Adolescent bullying is the new childhood obesity: Something that's been going on forever, but only recently became a popular sympathetic cause thanks to some celebrity-driven awareness initiatives. But to be fair, Hollywood has been calling attention to bullies since the days before the remote control. (Yes, there really was a time when TVs didn't have remotes.) We can go as far back as Little Rascals to find bullies on TV, but here are some more recent bullies of all ages:
Nelson Muntz (The Simpsons)
More often than not, your paint-by-numbers schoolyard bully eventually has that moment when he or she comes to grips with the real reason behind their bullying, changes their ways, and makes friends with at least one of their victims. Nelson is not that bully.
While he and Bart Simpson have had a few moments of collaboration and some experiences that could even be called friendly over the last 20 years they've been in the fourth grade, it never lasts long. Most of the time when Nelson shows up, somebody is getting punched in the stomach. Even after he was publicly humiliated by a very tall man in a very tiny car in one episode, Nelson went right back to terrorizing Springfield Elementary and sparing no citizen of Springfield his signature "ha-ha!"
Joey Caruso (Everybody Hates Chris)
Considering that Everybody Hates Chris is based on Chris Rock's real life, I wonder if the redhead, smart-aleck, big-boned Caruso (Travis T. Flory) is at all based on Rock's comedian friend and sometimes co-writer Louis C.K.
Junior high Chris' early attempts to psychologically get the best of Caruso failed in the show's pilot, kicking off four seasons' worth of blindside punches, stolen lunch money, chocolate stains on brand-new sweaters, getting stuffed in lockers and "colorful" nicknames.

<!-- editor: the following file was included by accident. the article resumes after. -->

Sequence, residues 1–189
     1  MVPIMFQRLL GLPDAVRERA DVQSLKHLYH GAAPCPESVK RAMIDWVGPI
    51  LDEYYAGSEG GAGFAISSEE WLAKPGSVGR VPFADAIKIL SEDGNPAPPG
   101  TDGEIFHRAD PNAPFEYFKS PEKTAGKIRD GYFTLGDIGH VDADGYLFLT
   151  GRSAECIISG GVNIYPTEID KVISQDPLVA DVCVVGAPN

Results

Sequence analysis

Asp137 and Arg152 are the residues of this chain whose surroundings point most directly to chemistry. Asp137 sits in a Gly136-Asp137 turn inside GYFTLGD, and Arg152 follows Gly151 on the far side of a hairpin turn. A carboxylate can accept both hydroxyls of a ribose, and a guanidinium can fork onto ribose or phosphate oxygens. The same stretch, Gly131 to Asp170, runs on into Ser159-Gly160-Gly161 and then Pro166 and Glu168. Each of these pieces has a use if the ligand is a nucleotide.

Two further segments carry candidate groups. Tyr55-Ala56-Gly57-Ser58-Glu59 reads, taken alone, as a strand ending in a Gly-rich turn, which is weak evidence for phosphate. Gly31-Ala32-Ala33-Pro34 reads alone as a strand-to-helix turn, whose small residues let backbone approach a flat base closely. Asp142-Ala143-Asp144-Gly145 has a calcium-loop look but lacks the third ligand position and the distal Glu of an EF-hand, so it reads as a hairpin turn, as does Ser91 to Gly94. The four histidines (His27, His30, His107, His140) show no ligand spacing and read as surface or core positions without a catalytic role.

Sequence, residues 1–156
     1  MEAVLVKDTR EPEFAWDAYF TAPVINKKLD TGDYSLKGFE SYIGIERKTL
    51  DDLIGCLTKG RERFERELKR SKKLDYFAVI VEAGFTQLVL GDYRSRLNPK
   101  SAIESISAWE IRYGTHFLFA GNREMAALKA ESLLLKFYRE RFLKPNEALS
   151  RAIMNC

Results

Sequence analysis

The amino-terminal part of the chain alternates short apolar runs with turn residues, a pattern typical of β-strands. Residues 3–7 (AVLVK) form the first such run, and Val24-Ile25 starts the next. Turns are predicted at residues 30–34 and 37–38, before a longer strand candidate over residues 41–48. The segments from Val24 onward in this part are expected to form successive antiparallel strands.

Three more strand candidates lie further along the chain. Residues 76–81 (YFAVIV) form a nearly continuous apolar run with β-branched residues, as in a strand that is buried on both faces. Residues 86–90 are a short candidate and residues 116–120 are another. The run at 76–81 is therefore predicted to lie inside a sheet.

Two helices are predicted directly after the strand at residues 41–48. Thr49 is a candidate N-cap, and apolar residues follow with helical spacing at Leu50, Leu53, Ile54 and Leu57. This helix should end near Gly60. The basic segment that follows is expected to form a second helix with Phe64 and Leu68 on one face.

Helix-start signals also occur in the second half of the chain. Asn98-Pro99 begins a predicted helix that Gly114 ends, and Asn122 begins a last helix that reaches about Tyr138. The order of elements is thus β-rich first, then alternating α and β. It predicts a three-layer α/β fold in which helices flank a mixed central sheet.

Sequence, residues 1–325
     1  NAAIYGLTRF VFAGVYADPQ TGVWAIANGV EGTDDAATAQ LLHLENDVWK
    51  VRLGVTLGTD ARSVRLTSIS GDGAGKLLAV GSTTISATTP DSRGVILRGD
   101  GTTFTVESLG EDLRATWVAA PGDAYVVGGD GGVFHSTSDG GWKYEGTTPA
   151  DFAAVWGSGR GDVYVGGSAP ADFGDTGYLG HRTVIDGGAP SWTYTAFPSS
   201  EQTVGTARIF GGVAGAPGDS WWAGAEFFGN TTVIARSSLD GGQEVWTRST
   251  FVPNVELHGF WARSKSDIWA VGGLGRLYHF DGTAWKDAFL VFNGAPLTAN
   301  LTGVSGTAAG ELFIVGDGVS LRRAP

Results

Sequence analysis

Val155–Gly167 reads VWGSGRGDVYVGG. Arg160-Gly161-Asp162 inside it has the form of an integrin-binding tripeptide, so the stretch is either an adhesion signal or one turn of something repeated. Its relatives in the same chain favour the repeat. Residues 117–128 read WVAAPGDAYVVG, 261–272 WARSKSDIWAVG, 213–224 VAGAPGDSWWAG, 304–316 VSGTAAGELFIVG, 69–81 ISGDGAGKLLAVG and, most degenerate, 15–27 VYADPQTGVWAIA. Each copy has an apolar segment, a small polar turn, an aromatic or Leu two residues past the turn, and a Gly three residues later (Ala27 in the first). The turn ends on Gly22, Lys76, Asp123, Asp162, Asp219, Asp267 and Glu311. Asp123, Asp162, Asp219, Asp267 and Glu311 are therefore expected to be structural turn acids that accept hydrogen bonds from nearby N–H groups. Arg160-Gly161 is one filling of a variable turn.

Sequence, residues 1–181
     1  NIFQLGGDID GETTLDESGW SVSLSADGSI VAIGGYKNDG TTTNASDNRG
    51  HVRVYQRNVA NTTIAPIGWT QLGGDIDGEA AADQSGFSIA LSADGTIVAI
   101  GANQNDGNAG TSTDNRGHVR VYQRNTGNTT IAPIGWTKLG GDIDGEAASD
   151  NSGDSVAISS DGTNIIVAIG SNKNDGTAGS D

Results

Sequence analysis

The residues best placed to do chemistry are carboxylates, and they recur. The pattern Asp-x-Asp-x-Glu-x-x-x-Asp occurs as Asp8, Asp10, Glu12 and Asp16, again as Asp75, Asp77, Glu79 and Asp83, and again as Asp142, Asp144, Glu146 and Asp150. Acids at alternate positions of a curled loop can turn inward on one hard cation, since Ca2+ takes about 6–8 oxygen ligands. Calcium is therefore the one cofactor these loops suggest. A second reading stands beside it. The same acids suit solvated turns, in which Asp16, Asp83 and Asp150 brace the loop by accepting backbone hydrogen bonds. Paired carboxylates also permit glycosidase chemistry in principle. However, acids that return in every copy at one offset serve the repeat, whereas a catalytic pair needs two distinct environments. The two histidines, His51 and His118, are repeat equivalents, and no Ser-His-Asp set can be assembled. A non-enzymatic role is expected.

Wayne Arnold (The Wonder Years)
The world's worst big brother since Kane. OK, so Wayne (Jason Hervey) wasn't that bad -- noogies and wet willys aren't going to kill anybody -- but he was a constant source of stress for his already high-strung little bro Kevin (Fred Savage). Of course Wayne wasn't purely evil, and we saw his protective older brother side on occasion, but anybody who watched The Wonder Years will never forget when he took out that poor hamster with a vacuum cleaner.
Carlene Cockburn (GCB)
Before its debut, I thought GCB would be nothing more than Desperate Housewives with a Southern accent, but the show's writers have done a good job of giving the characters back stories that make this a different dynamic than that of Wisteria Lane. Instead of introducing us to ladies that are already close friends, GCB's core group is a mix of former high school bullies and victims who have flipped the script as adults.
Carlene (Kristin Chenoweth) is a former bully victim who has risen to de facto leader of a powerful clique, and has turned her venom toward Amanda (Leslie Bibb), the show's protagonist who used to be a bully in high school. While most male bullies use fear of physical violence as a weapon, Carlene uses fear in a different way: She's well aware that people fear public embarrassment ("What will the neighbors say?"), and uses that to her advantage whenever possible.
Coretta Cox (The Steve Harvey Show)
There are "mean girls," and there are girls that are just mean. Coretta (The Lady of Rage) was the latter. The most notorious bully at Booker T. Washington High School, she had everybody from the jocks to the teachers afraid of her. She threatened girls into being her friends and strong-armed guys into being her dates -- but at the end of the day, Coretta turned out to be a big little girl looking for friendship. It took a group effort, but eventually Steve and Regina (Wendy Raquel Robinson) convinced Coretta to let out her softer side, which included admitting her dream of wanting to be a fashion designer.
(Lady of Rage)